discoursal goal(s). It could be argued, however, that the PP has a higher regulative role

34

than this: to maintain the social equilibrium and the friendly relations which enable us
to assume that our interlocutors are being cooperative in the first place. (Leech
1983.82)

When applying these to the analysis of tag questions we immediately find out why
Quirk et al. (1976) described tag questions and declarative questions as inherently conducive.
The RC of the tag question is in the form of declarative (semantically a statement) and
according to the Maxim of Quality, this statement expresses speakers view that what he/she
says is true (cf. SC1 above). However, such an assertion is rather infrequent in normal
conversation as it contradicts the PP, i.e. telling your interlocutor that what you say is truth
and nothing but the truth would definitely be considered by him/her impolite. Therefore the
grammatical tag is attached to the RC, which has a mitigating effect: it provides the hearer
with the possibility to disagree (as will be seen, in the declarative question this function is
supplied by intonation). The PP which reflects itself in the tag can thus be compared to SC2.
However, as Nsslin (1984.49) argues, in Hudsons theory the sincerity conditions are
balanced, whereas in the pragmatic interpretation, referring to Lakoff (1972), the sincerity
condition of the RC always dominates the sincerity condition of the tag. The domination of
the RC can be highlighted by employing accentuation, which is another frequent pragmatic
feature used to support the speakers standpoint. Accentuation is a feature modifying the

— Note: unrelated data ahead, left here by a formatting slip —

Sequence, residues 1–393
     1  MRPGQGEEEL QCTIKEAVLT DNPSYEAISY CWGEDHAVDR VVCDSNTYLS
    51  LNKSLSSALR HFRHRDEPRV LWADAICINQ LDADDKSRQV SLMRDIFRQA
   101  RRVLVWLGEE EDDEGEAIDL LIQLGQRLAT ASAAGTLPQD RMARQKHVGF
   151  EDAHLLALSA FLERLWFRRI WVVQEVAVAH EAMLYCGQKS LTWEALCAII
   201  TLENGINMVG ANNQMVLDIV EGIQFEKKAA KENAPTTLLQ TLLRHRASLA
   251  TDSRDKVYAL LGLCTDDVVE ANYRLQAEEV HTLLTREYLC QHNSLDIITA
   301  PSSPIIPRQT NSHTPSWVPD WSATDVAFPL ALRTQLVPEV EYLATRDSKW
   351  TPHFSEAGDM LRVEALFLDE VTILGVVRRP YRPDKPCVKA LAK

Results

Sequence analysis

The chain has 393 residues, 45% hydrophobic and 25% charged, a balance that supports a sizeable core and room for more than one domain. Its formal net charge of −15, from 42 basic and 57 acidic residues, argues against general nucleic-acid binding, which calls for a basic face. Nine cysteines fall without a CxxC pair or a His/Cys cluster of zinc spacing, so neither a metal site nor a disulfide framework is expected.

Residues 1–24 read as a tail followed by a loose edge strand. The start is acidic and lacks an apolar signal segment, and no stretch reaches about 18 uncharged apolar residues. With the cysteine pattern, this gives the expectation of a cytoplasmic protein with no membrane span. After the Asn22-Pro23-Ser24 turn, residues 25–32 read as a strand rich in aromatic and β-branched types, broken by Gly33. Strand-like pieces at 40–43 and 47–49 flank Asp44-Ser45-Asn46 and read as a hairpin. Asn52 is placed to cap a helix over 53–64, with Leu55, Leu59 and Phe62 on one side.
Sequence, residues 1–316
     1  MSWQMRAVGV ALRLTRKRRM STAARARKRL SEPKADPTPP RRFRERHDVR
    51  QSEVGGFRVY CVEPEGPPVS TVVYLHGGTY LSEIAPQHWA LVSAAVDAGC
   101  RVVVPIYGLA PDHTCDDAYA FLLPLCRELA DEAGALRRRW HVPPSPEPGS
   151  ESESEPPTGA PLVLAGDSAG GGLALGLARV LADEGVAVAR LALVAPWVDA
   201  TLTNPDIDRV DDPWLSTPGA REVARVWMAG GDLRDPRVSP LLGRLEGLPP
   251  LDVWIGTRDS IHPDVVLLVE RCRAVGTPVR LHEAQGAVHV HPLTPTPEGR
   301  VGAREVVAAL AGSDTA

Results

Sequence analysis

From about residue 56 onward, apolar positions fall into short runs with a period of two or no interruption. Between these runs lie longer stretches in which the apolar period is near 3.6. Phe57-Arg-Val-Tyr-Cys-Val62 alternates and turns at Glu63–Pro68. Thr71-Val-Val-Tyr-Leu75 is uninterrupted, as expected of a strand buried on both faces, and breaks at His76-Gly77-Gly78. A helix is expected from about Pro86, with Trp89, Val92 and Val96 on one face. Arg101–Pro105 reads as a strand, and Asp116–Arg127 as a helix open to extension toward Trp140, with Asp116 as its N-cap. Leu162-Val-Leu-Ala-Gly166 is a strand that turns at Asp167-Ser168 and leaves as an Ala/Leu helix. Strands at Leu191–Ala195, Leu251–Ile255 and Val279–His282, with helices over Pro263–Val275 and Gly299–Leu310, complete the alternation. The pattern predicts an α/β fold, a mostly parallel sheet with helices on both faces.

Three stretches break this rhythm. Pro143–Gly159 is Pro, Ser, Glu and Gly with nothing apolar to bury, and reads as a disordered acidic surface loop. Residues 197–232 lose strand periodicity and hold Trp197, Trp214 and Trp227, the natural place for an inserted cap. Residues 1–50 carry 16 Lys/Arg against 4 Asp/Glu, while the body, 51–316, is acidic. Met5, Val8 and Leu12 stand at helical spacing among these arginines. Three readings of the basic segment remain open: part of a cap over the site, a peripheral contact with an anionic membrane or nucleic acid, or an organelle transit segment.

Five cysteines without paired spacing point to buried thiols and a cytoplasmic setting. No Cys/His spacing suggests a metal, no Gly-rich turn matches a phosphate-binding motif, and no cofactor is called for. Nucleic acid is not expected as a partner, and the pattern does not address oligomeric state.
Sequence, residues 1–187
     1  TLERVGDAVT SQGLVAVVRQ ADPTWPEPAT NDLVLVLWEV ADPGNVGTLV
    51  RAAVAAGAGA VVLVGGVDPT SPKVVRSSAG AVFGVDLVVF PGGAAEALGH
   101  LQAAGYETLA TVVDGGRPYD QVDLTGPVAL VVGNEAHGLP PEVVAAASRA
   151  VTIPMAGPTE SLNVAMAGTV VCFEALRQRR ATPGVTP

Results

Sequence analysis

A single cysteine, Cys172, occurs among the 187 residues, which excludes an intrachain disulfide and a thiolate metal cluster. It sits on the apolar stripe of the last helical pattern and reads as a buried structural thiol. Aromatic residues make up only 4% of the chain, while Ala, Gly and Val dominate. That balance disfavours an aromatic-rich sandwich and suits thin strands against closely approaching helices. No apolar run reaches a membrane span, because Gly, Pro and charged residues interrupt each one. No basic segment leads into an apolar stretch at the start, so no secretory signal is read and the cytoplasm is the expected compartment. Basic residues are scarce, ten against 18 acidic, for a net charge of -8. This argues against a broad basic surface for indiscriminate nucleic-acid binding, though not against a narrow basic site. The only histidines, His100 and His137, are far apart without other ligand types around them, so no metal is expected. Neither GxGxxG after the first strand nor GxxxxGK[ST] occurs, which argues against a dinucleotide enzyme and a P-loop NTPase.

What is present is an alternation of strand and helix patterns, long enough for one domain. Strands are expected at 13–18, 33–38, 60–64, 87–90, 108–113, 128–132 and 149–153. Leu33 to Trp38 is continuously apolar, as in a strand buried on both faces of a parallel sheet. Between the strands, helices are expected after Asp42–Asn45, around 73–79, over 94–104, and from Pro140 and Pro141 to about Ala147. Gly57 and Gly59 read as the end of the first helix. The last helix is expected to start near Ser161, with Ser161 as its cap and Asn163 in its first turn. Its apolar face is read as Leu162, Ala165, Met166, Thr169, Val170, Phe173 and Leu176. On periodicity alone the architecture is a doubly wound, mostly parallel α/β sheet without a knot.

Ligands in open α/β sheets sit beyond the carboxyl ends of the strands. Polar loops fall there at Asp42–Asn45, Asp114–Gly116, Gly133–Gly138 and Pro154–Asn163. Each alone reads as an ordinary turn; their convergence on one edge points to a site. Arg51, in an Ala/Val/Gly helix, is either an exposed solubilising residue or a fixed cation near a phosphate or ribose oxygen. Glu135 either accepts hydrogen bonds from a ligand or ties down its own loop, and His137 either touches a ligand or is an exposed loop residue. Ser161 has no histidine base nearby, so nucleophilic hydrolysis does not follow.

illocutionary force the meaning becomes reinforced, underlined, exaggerated, explicit
(Urbanov 2003.66). As accentuation cannot be studied here in detail, consider the imbalance
that is produced by looking at a few examples.
Example 5:
Q. She could not possibly have done so, could she?
Example 6:
Q. Now look, the plain truth of the matter is that you were telling Carol Chapman that your
ECG machine wasn't working, weren't you?
Example 7:
Q. Carol Chapman has every reason to remember vividly what occurred that afternoon, has
she not?
The proposition of the RC purports to be true due to the Maxim of Quality and this is
reinforced by the use of accentuation. Such a strong assertiveness is balanced (not equally as
was shown) by the polite tag, providing the possibility to disagree.
Coming back to the constraints of the institutional setting, my claim is that the polite
feature, i.e. the tag, is directed at the members of the jury (rather than at the witness) as the
prosecutors means of saving his/her face. Were it not for the jury, the prosecutor would, in

35

my view, exploit even more conducive devices, maintaining as high degree of interrogation
control as possible. However, not to be despised by the members of the jury for his/her
arrogant assertiveness and abusing his/her institutional power and for the jury not to feel
compassionate with the witness, he/she needs to mitigate the uttered propositions.
The tag question thus allows the prosecutor to employ a high degree of conduciveness
and at the same time be polite. This is then turned against the witness, who interprets the
question as one looking for a particular answer (along with the members of the jury) and by
uttering a response that does not conform to the expectation created by the question (because
the design of the question is harmful to him/her), he/she risks to create the tension: the jury
was looking for some kind of response and the witness produced a different one.

Example 8:
Q. Well, if this lady died at 10 minutes past 4 she must have been administered or
administered to herself diamorphine between certainly 4 o'clock and 10 past 4, mustn't she?
A. You can put the evidence that way and yes I would agree.
Q. You were with Ivy Lomas throughout all that time, weren't you?
A. I don't disagree with that statement.
Q. Continuously with her. We can see when you were first with her because that is shown on
the computer screen. If you pull out the A3 schedule, 15.57 and 16 seconds, "Seen in GP's
surgery. Dr. H. F. Shipman." That is not a backdated entry. And so that indicates that at 3.57
you were in the presence of Ivy Lomas?
A. I'm not disagreeing with that.
Q. And you say to us here and now, do you, that you were continuously in her presence up to
the moment that she collapsed and died?